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I'm trying to figure out how to calculate the kinetic energy of a rotating piece of wood. I have the following diagram I have drawn:

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In $A$, I have a side view to show the setup. There is just a piece of wood that is attached to the ceiling that will swing. When it is perpendicular to the ceiling, it will have its linear velocity measured. I want to calculate the kinetic energy at this point. $B$ shows the piece of wood. Just a normal rectangular piece of wood with some thickness.

My first thought was to just calculate it using $KE_{lin} = (1/2) m v^2$ but this is only for linear motion. Then for rotational it would be $KE_{rot} = (1/2) I \omega^2$. But I'm measuring the linear velocity and only want to know this at one point. Is there any way that I can do this calculation?

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    $\begingroup$ linear velocity $v$ = radius $r$ $\times$ angular velocity $\omega$ $\endgroup$ – Farcher Aug 3 '17 at 17:22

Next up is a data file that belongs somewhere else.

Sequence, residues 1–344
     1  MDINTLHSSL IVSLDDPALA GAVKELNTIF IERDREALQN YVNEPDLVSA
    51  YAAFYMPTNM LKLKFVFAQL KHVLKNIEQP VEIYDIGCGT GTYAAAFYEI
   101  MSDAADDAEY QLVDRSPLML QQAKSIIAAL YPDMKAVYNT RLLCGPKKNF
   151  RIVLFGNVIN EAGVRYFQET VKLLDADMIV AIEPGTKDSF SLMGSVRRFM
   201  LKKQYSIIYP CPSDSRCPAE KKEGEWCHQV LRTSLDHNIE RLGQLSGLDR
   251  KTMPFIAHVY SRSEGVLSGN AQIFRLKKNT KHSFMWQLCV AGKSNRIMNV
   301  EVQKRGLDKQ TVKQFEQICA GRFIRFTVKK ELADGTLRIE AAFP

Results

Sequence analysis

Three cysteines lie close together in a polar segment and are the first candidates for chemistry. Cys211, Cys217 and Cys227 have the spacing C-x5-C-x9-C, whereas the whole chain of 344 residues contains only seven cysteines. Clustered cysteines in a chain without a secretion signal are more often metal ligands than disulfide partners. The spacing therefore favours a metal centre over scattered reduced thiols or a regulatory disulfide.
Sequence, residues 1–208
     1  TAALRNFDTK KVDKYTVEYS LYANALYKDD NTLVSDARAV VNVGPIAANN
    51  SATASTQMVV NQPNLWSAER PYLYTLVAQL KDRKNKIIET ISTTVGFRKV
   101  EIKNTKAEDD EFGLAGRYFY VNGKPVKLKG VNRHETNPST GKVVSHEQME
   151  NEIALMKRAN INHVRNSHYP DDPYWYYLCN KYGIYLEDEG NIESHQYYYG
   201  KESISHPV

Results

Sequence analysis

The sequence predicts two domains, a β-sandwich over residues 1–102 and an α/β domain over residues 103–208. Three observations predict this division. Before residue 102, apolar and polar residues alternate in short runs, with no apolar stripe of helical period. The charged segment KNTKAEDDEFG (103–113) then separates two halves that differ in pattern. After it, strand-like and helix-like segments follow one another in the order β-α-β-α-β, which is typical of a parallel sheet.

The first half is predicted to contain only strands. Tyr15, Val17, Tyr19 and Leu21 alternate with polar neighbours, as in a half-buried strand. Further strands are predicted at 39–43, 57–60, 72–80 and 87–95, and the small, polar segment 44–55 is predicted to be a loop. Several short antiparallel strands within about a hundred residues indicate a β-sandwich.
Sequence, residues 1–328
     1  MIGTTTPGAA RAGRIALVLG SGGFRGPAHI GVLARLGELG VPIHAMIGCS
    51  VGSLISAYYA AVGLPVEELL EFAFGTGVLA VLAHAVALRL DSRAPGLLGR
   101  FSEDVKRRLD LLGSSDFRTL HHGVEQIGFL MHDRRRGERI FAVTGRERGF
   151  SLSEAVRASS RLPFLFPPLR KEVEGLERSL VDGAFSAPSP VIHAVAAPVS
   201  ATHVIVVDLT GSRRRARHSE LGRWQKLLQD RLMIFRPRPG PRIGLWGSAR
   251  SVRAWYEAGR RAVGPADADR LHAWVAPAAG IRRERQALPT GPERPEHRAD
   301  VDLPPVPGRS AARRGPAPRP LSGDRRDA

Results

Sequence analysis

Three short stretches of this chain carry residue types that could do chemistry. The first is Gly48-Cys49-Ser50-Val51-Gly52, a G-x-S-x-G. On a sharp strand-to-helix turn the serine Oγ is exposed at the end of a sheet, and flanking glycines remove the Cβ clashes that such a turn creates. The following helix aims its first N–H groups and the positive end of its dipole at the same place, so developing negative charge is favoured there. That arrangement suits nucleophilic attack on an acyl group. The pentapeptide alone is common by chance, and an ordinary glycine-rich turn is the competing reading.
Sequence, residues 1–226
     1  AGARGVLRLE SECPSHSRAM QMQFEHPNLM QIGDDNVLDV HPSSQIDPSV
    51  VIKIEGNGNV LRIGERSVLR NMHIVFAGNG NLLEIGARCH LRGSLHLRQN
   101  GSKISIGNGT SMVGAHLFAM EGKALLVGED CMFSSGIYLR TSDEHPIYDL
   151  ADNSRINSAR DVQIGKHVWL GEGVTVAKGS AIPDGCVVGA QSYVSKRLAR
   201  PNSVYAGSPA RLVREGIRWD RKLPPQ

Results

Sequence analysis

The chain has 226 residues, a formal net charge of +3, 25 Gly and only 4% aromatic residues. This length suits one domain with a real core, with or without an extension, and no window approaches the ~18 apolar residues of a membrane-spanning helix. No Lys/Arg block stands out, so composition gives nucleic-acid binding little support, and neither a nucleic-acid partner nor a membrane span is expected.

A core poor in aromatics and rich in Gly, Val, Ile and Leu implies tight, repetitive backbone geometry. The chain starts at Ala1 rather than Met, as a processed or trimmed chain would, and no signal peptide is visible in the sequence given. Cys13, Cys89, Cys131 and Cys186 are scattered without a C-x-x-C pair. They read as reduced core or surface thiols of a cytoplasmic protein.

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    $\begingroup$ A few hints: (1) Treat the plank as a uniform rod and look up the moment of inertia, $I$ of a rod about one end. (2) $v=L \omega$: Suggest you check this out in a textbook! (3) Apply conservation of energy. Good luck! $\endgroup$ – Philip Wood Aug 3 '17 at 17:23
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The block of wood has many velocities at any instant. The velocity is zero at the hinge and a maximum at the end. If you measure the velocity $v$ of the end of the block, then the KE is $\frac12 I\omega^2$. Here the moment of inertia $I$ is measured about the end of the block, not the middle. If the block has negligible thickness (ie looking sideways as in A) then $I$ is the same as for a slender rod. And $\omega=v/L$ where $L$ is the length of the block.

Assuming that there is no friction as the block swings, the KE gained should equal the loss of gravitational PE of the block as it falls. This depends on the vertical height through which the CM of the block has fallen.

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